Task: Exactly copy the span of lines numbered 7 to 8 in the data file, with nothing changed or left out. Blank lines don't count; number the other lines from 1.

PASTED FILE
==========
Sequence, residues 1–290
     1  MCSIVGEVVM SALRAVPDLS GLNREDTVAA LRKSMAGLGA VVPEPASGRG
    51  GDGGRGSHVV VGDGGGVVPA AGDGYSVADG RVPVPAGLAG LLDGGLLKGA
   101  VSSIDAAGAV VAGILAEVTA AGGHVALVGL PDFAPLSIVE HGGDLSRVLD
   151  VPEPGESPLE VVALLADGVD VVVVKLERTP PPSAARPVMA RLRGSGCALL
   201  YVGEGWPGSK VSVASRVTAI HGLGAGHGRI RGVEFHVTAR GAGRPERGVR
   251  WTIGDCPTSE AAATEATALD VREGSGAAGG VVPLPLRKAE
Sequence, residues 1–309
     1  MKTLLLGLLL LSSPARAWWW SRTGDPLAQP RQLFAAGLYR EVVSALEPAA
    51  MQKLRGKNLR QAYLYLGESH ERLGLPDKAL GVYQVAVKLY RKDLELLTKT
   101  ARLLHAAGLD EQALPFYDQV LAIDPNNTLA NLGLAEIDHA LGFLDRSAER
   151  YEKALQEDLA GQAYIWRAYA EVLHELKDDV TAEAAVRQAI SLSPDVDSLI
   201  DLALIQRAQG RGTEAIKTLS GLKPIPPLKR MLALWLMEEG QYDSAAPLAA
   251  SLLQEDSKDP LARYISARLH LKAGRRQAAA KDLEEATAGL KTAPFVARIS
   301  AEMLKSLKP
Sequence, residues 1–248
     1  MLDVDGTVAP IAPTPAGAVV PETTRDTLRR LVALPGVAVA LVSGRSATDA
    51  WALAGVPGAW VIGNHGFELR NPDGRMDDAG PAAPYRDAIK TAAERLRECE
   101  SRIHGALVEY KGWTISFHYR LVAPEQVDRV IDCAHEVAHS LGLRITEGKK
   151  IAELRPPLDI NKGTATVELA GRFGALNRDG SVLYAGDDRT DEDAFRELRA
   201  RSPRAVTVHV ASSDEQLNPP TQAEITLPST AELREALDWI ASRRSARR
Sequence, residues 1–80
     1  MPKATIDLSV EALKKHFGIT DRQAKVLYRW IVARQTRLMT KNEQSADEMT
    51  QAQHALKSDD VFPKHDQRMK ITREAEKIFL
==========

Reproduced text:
   251  WTIGDCPTSE AAATEATALD VREGSGAAGG VVPLPLRKAE
Sequence, residues 1–309